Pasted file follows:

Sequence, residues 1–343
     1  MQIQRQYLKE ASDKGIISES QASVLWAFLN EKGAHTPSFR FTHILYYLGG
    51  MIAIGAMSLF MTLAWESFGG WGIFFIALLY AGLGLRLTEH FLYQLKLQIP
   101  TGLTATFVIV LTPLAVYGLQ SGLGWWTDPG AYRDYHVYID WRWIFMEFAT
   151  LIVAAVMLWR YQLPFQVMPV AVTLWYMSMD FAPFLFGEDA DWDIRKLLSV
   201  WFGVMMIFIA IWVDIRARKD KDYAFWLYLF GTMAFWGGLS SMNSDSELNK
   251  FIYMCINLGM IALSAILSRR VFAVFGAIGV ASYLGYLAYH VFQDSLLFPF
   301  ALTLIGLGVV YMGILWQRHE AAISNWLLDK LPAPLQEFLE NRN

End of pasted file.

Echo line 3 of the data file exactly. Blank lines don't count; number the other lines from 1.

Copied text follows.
    51  MIAIGAMSLF MTLAWESFGG WGIFFIALLY AGLGLRLTEH FLYQLKLQIP